This story was published in The Chronicle in February 2020. It was awarded first place for "Best Editorial" in the 2020 Oregon Newspapers Publishers Association Awards.

In an era where accountability and self-awareness often are lacking, spending any time around Michelle Amberg is a refreshing alternative. No excuses. No finger-pointing. No blame.

It’s full responsibility, all-out ownership, all the time. 

“If you can’t carry the freight,” she said matter-of-factly while sitting in her first-floor City Hall office several weeks ago, “don’t pick it up.” 

Amberg, who became Creswell’s city administrator and is now its city manager, inherited a mess when she arrived from her city manager role in Toledo, Ore.

Madeline Phillips, who has worked for Amberg since 2014, said Amberg “transformed the city into a collaborative environment,” where people weren’t subject to a pecking order. “She’s restored a level of confidence that drives organizational success,” Phillips said.

Indeed, it’s how a small, discordant municipal government in Creswell began working in greater harmony.

“I think of myself not as a leader, but a conductor,” Amberg said. “The sheet music comes from the Council, then I teach the music to the different instrumental groups (departments), all in an effort to please the audience (residents).”

This week, I’m kicking off an occasional series of articles profiling women leaders. There is no shortage from which to choose. I’ve been fortunate to work for and with many strong leaders, many of whom have been women. Leading is hard work; doing it in a climate of institutionalized bias makes it all the more challenging.

So what makes great leaders tick? We know that leadership is not a function of position or title. It’s behavioral, whether you’re the boss or an entry-level employee.

Amberg says authenticity counts. A lot. It comes up repeatedly, organically, throughout a conversation.

“Being genuine, being authentic … it’s about 100% sincerity,” she said, describing her leadership style in a nutshell. “I’m a thought-oriented person. I listen. And ask a lot of questions.”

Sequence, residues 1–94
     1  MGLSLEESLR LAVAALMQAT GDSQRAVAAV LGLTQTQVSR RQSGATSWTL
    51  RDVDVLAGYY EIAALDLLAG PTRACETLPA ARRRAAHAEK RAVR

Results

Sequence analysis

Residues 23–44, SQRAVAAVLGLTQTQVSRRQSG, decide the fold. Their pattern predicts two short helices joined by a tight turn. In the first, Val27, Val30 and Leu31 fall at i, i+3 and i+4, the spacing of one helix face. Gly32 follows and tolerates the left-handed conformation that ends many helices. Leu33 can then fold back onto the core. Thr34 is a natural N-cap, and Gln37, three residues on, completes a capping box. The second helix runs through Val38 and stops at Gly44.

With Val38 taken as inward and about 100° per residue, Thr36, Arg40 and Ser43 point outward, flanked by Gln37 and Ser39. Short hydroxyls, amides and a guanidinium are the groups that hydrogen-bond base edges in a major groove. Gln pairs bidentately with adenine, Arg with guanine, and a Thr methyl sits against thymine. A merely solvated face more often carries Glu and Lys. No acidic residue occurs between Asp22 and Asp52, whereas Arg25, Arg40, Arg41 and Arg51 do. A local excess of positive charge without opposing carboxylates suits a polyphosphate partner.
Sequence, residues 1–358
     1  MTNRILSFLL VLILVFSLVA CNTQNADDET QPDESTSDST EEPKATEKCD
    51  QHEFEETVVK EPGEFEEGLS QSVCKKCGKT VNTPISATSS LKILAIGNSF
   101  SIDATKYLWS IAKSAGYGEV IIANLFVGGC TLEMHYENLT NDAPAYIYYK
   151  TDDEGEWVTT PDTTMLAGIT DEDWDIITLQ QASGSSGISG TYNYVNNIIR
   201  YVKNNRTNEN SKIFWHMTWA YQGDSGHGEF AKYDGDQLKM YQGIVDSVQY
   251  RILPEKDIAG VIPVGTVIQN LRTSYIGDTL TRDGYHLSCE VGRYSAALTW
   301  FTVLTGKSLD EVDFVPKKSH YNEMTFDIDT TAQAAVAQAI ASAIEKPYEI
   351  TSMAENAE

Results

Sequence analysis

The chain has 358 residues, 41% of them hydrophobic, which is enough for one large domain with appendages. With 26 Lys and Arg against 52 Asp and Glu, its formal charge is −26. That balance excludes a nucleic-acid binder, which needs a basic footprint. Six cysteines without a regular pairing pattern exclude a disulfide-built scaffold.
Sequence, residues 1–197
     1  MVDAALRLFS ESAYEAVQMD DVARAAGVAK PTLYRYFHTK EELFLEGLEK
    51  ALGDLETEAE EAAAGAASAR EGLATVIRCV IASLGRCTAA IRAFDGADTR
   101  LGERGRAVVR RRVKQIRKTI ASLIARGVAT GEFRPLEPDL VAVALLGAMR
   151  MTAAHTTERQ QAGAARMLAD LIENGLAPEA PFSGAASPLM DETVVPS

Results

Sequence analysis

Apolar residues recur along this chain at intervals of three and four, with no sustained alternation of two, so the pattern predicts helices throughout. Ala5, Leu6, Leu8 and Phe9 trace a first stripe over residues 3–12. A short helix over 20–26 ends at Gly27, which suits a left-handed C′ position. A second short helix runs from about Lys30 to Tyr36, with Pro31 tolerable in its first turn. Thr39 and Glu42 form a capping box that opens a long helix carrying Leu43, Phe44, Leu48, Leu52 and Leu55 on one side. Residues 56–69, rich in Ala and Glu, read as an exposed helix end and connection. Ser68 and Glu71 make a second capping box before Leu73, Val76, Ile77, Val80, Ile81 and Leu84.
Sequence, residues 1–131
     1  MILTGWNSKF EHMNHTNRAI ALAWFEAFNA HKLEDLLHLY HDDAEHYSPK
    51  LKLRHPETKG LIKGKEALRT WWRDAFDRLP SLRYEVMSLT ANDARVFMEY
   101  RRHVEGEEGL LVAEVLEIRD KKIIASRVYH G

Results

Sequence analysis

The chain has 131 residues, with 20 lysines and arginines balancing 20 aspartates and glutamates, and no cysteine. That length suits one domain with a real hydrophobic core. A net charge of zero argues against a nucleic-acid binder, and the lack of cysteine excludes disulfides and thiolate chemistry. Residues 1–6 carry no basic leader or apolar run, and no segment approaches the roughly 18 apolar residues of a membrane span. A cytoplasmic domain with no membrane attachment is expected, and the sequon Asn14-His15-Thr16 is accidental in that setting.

Phillips describes Amberg’s leadership thusly: “She’s empowered people.”

Effective communication is a critical tool for a leader and, Phillips said, Amberg lets individuals speak for themselves. “It’s empowering; people are given the chance to speak up and be heard.”

You probably won’t ever hear Amberg use the phrase “servant leadership.” But, if you observe her long enough, you’d certainly witness it. I was slightly bemused, slightly alarmed and totally impressed when I saw her, still on crutches after knee surgery, yanking down a yard sale poster from an Oregon Avenue utility pole last fall.

That anecdote speaks to a humble leader, for sure, and in this case, one who came up the hard way. For someone who holds nearly 10 degrees in everything from biology to public administration to zoology, her advanced knowledge from the school of hard knocks is front and center.

You know that she KNOWS things. And here’s what she most wants young people to know: “At-risk kids can lead the world. It doesn’t have to be a sad world.” She pauses, for a moment. The thinker, in mid-process. “You know, failure IS an option; it’s how you grow!”

Amberg draws upon the big moments and key influencers in her life:

She learned about persistence from her parents, celebrating their 50th anniversary this year; a second-grade teacher, Mrs. Barbara Ahern, helped Michelle gain the confidence to achieve a fifth-grade reading level early in her third-grade year; a friend, whose father was the president of a university in Ecuador, wisely encouraged her to study public administration.

And the same was true of tough times that proved to be learning experiences. Her childhood was a boom-or-bust cycle, with her father, a self-taught aerospace engineer for NASA, going through sustained periods of unemployment and relocations around the country; fighting through sexist and misogynistic environments in multiple jobs and municipalities; a career change into volunteerism and non-denominational, faith-based missionary work in the Middle East; a re-entry into government work in Josephine County, then Jackson County, then city manager in Toledo; and, finally, “Dave Stram came and got me” for the job in Creswell.

“I was raised with a view that women who have to work are sad and depressed,” she said. During extended periods of poverty as a child, “we would not have had clothes without churches” and “the fire department delivered Christmas.”

For all of the degrees, it was life experience that gave her the grit to get here. Her grandma introduced her to “Little Women.” “You’re Jo” she once told young Michelle, a nod to her strong and determined nature.

Amberg, the leader, continues to look forward, continues persevering, continues seeing the possibilities, driven in part by “the hum of the city,” she said. “That energy that gives and takes every day coming through that front door,” she said.

Noel Nash is publisher of The Chronicle.